The Financial Post ran this column by me this weekend about my take on the market mayhem of the past week, most of it triggered by plunging oil prices. While I’ve chosen to put this in the Wealth Accumulation section of the Hub, it occurs to me that the way things are going, it could also be in Decumulation: albeit not the kind of Decumulation we had in mind when we created the section!
For convenience and archiving purposes, I’ve included the full piece below:
The worse it gets, the less I look and the less I act. When it comes to market mayhem, I firmly believe that the time to sell is when stocks are up and everyone is buying.
Except maybe in 2008, when it seemed financial Armageddon was genuinely possible, panic seldom serves the investor well in the long run. I understand the psychology of panic as markets sink: fear takes control and investors become convinced that with every passing day, their wealth will vaporize. And yes, if you knew for sure that markets were due for a 10% correction or 20% bear market, then it would make sense to sell.
But we don’t know for sure what tomorrow will bring, and certainly not what stock market averages will be. We do know that interest rates right now are still near historic lows, even if they are expected to start moving higher in 2015. We know that in the long run, stocks are the best-performing asset class, even measured against fixed-income investments that pay more than what is on offer late in 2014. And therefore, for time horizons of five years or longer, investors accept – or should accept – that a significant portion of their wealth should be invested in stocks.
Preferably quality dividend-paying stocks spread across the major economic sectors. Barring that, a broadly diversified “Couch Potato” portfolio of index funds or exchange-traded funds, with exposure to all economic sectors and roughly equal geographical exposure to Canada, the United States and international markets outside North America.
Did they say were plunging or plummeting?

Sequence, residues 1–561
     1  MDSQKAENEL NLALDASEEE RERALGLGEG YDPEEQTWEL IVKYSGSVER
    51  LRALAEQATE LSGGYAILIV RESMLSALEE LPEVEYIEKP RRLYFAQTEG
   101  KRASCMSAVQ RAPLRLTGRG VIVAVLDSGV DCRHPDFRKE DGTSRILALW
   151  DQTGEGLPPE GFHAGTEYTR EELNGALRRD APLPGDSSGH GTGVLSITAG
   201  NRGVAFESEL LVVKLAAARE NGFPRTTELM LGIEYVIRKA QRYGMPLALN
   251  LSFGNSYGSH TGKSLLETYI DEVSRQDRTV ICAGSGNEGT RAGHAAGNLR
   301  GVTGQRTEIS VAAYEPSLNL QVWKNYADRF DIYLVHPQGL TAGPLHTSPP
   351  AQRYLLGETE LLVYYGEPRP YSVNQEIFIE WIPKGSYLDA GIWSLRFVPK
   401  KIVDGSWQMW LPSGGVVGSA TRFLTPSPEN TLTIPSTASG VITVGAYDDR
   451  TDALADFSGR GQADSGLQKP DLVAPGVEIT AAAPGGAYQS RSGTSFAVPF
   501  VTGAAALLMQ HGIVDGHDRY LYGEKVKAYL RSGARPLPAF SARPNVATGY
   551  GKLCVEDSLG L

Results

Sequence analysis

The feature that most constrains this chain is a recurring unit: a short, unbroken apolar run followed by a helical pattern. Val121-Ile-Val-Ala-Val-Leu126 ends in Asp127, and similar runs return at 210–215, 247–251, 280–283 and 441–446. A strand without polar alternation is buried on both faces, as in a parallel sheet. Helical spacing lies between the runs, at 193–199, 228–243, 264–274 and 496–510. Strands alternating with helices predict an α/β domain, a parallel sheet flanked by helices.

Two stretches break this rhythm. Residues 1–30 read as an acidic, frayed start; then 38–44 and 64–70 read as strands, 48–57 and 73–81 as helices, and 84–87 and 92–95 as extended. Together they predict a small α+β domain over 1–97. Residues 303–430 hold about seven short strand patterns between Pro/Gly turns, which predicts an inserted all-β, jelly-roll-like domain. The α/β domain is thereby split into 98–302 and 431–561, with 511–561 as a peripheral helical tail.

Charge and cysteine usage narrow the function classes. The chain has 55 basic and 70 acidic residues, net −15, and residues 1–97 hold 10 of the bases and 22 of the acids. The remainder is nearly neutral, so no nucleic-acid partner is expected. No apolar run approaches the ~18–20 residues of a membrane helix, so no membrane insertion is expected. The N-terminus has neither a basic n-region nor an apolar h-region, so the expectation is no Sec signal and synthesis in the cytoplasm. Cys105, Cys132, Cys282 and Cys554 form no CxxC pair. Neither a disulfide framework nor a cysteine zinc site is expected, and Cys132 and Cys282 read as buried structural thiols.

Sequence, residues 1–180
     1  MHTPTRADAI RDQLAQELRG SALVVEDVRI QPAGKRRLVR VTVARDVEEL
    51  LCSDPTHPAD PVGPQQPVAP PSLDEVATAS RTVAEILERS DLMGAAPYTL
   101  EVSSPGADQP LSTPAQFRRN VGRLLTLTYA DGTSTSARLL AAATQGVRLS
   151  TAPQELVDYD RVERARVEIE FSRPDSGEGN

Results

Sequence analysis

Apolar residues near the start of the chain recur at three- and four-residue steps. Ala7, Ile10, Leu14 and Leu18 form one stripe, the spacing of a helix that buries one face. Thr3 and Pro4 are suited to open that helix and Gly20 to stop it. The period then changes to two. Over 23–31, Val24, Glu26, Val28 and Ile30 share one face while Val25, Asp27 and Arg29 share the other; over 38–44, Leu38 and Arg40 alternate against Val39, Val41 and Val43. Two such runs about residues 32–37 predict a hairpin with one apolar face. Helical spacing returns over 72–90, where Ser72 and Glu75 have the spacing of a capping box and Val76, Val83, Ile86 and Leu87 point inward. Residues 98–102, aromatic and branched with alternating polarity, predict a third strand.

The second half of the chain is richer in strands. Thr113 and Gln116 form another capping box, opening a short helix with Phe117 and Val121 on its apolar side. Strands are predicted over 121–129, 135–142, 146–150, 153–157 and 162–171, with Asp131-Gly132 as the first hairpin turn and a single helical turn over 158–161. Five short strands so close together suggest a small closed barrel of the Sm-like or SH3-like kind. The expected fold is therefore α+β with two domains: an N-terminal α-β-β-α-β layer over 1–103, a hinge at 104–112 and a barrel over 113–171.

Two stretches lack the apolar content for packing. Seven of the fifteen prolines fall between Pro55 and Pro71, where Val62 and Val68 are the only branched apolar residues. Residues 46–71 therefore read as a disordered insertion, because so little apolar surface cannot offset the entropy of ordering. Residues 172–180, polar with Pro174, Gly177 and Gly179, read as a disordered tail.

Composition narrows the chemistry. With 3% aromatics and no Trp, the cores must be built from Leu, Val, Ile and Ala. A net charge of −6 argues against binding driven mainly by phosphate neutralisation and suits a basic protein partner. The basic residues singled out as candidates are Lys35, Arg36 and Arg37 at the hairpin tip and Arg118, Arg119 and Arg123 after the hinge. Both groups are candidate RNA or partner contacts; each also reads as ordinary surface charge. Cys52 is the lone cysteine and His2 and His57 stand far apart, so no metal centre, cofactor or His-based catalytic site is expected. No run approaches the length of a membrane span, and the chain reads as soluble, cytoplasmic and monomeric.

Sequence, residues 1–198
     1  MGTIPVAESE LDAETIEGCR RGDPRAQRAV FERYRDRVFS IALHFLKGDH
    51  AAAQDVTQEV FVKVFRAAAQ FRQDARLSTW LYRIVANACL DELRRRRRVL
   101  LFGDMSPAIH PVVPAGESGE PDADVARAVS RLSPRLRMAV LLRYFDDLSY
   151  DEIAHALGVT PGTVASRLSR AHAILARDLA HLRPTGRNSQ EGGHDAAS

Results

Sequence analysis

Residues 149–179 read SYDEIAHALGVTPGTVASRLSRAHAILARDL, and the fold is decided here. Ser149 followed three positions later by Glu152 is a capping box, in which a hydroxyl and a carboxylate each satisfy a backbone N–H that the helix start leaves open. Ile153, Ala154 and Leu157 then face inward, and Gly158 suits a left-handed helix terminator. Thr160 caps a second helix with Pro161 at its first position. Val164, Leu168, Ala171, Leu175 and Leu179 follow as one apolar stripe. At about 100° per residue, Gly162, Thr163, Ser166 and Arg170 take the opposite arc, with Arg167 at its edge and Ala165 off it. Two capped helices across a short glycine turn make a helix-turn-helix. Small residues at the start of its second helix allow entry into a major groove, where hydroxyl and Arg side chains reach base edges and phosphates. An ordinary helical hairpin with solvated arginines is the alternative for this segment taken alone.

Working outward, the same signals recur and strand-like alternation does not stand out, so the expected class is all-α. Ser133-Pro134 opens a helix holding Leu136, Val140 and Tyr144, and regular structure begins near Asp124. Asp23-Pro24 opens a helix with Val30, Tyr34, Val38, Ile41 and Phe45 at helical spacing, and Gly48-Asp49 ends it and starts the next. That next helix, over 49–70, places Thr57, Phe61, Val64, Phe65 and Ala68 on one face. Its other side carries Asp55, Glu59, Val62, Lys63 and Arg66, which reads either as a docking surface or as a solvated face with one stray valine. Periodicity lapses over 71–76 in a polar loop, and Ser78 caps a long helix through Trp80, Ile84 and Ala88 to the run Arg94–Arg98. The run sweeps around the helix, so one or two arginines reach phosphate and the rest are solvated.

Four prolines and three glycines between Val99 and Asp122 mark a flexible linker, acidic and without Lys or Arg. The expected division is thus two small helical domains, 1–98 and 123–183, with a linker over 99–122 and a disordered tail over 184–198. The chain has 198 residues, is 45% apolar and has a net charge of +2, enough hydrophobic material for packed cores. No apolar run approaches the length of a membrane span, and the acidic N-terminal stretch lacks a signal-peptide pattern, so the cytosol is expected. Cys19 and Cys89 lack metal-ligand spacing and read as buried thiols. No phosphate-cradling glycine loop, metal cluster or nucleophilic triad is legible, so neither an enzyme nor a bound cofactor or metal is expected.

“But markets are plunging!,” the recent convert to stocks cries. Or worse, plummeting, if indeed plummeting denotes a bigger drop than a mere plunge. You can be sure that headlines will make liberal use of both verbs if this correction continues.
So what to do? If your mix of investments was decided in happier times and you’re comfortable with the amount of risk you had agreed to, then I’d say do nothing. Or, if you have sufficient cash reserves, I’d say buy stocks while they’re on sale. Certain sectors – oil stocks and commodities in general – certainly appear to be on sale. Oil is a cyclical commodity and it seems like only yesterday when the doomsayers were predicting $150 or $200 oil. That day will likely come again but in the meantime many people and companies benefit from rock-bottom oil prices: airlines to name one, and everyday commuters to name a second group of beneficiaries of low-priced oil.
Pros were buying this week
When the mayhem really started to gather steam this week, I was at a meeting with a group of semi-retired professional pension managers and investors. We barely talked about the markets over the two hours we had together, although when it did come up peripherally, one said he was buying the market across the board at these levels, while another was scooping up specific individual oil stocks.
But what if you’ve come to the sickening realization that your risk tolerance isn’t quite as hardy as you thought it was? If you were 90% in stocks but really can’t handle a 30 or 40% potential drop in more than half your portfolio, then you know your optimal asset allocation would be closer to 50% stocks to 50% bonds, not 90% to 10%. But “rebalancing” your investment mix is much better performed when stocks are rising, not falling. You’ve heard the expression “catching a falling knife?” Selling even more stocks into a broadly based general market sell-off is not a recipe for making long-term profits in the stock market.
Consolation of tax-loss selling
However, since it is tax-loss selling season and if you had previously booked gains on some winners in a taxable portfolio, you could sell a few losers right now and get your cash up to a more tolerable level, and tax-wise merely offset the previous gains. That way, at least, the taxman would share your pain and if markets worsened in the coming weeks or months, you’d have a bit of cash to snap up some real bargains, if indeed they materialize.
Of course, the declines could end as suddenly as they began. Personally, I am taking no action at all during this sell-off. And as my financial advisor often reminds his clients, if you’re in dividend-reinvestment plans, as stocks fall you’ll be reinvesting in those stocks at slightly better prices. High-yielding dividend payers will start to pay out even more tempting amounts. When stocks previously paying out 3 or 4% start yielding 5 or 6% (as the stock values themselves fall), I’d be tempted to load up on more, as many did at the depths of 2008.
Until then, try not to overdose on the day-to-day melodrama of crashing markets. Go for long walks, read fiction or otherwise get your mind off paper losses that may prove to be merely temporary.